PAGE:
Vice UK staff warn that sexual harassment has overshadowed journalism careers of young women at the media brand

Vice Media has beefed up its HR policies and procedures in the UK amid allegations of sexual harassment at the media company.

Bosses at Vice Media have enlisted a third party provider to run an anonymous UK staff survey, so staff can voice their opinions, concerns and thoughts on internal structures, procedures and culture.

UK Vice employs a workforce of more than 300 staff spanning production, editorial and commercial roles. The UK operation consists of a network of digital channels (including Vice News), video production teams, 24-hour hour TV channel Viceland, the free monthly magazine and a creative services agency.

Vice is introducing an anonymous round the clock hotline service for employees to confidentially talk about any issues they wish to anonymously report in the UK.

Globally, Vice Media hired its first head of HR, Susan Tohyama, in November, who is working with the UK HR team to improve HR standards.

Full-time and freelance staff in the UK and other markets are also now required to take part in sexual harassment training which is run by third-party providers.

The ramping up of its HR capabilities comes amid Vice Media launching a probe into sexual harassment and improper workplace conduct, after revelations in the US.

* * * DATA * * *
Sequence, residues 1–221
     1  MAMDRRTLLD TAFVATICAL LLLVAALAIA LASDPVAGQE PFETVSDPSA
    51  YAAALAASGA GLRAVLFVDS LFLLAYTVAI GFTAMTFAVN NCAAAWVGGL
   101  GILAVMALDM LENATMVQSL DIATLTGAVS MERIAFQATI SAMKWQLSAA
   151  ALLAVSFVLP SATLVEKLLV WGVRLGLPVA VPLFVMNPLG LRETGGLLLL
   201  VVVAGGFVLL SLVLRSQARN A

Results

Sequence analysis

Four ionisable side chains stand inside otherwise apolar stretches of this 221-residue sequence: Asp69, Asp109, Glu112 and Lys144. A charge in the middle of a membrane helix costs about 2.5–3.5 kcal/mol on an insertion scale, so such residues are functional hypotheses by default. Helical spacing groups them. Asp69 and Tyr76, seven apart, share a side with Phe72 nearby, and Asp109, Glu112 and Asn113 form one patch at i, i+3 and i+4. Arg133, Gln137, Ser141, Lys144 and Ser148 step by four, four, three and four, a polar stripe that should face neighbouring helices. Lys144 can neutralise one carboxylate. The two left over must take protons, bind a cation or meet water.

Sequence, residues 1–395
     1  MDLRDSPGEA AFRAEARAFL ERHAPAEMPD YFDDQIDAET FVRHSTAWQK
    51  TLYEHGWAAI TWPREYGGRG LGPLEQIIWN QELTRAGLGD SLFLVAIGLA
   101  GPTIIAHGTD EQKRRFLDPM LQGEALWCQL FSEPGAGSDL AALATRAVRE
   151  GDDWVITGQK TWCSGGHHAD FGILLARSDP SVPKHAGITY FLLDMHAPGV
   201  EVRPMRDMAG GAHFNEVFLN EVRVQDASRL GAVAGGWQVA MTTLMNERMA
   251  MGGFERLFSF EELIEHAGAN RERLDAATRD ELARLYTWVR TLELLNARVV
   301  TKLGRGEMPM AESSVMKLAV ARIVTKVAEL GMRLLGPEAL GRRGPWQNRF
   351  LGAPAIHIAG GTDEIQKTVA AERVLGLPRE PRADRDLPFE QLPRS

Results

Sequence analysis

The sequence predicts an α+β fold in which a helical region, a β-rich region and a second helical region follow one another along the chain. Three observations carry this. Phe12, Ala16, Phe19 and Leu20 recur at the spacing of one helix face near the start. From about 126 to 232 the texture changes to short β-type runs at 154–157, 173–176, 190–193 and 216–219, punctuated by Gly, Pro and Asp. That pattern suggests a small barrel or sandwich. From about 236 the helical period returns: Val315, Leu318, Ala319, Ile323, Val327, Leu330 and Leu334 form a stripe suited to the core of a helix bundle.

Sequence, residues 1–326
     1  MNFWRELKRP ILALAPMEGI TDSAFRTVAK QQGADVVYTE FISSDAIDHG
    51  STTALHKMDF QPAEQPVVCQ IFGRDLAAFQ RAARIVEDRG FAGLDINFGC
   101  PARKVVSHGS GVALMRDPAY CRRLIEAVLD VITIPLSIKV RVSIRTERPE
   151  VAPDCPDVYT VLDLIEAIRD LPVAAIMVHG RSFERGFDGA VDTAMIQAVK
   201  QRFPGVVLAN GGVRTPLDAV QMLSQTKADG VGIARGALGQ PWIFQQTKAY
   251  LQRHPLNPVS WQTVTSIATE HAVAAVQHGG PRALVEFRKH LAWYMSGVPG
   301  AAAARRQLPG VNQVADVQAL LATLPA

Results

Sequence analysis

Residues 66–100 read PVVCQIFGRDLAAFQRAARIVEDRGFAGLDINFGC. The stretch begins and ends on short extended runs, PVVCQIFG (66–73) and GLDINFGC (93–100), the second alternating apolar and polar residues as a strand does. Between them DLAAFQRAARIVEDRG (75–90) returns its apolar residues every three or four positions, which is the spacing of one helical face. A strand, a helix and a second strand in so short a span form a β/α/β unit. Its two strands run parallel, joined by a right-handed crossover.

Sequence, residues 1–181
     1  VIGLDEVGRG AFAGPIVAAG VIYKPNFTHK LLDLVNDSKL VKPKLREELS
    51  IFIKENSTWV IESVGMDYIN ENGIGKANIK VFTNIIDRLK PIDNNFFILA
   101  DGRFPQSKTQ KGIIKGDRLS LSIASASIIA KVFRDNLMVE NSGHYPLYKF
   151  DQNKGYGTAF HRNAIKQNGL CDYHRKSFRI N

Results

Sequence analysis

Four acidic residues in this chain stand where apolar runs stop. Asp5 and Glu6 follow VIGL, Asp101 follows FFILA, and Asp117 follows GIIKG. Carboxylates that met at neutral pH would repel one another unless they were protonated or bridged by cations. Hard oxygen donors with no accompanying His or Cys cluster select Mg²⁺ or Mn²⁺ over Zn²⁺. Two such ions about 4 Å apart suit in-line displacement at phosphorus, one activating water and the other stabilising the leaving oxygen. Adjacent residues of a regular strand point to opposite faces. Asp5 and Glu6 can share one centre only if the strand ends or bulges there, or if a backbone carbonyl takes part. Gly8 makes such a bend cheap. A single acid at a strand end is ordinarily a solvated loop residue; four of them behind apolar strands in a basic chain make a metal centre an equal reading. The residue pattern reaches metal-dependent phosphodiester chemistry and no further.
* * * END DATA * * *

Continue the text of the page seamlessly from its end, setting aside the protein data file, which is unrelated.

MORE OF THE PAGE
It has suspended two senior executives – president Andrew Creighton and chief digital officer Mike Germano – following a New York Times report detailing sexual harassment allegations against them.

The company’s decision to put the two executives on leaves was announced in a memo to staff from Vice chief operating officer Sarah Broderick.

In addition, more than two dozen women said they had experiences or witnessed sexual misconduct at the company, including unwanted kisses, groping, lewd remarks and propositions for sex.

According to the New York Times, Creighton paid $135,000 in 2016 to a former Vice employee after she alleged she was fired after rejecting his suggestions they have a romantic relationship.

Following the article, a group of workers in the UK called for an independent investigation and moves to diversify hiring.

In an open letter, published on Medium, Vice UK workers wrote: “Many women join VICE at an early and vulnerable point in their career.

“For some, sexual harassment and conscious and unconscious prejudice have overshadowed their future in journalism and severely damaged their confidence.

“This is unforgivable and not something that we can apologise away. As current UK employees, we have come together independently
to discuss and move towards the creation of a workplace culture based on equality.

“It is not enough to have a white female figurehead such as Gloria Steinem on an executive board, one that feels far away in the US. We are the journalists, filmmakers and creators that work with people on the ground.

“We need to be able to ensure that conversations that promise change are felt in the working conditions for the ground staff here in the UK and not just to save face for our executives.”

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